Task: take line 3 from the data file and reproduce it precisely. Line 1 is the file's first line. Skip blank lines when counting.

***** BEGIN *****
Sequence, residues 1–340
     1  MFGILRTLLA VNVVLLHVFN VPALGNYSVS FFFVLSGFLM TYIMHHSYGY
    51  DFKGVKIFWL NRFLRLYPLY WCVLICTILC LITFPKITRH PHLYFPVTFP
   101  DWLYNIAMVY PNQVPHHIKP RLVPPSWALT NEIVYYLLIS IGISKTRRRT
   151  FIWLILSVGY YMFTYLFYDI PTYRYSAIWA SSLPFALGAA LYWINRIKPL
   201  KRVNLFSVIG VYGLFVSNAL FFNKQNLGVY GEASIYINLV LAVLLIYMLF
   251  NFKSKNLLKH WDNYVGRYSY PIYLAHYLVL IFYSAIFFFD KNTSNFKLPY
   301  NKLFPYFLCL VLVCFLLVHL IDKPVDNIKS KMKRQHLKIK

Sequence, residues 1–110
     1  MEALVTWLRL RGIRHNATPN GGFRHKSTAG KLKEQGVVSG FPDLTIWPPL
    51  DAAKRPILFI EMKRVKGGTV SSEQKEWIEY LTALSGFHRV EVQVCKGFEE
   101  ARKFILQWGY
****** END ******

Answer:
    51  DFKGVKIFWL NRFLRLYPLY WCVLICTILC LITFPKITRH PHLYFPVTFP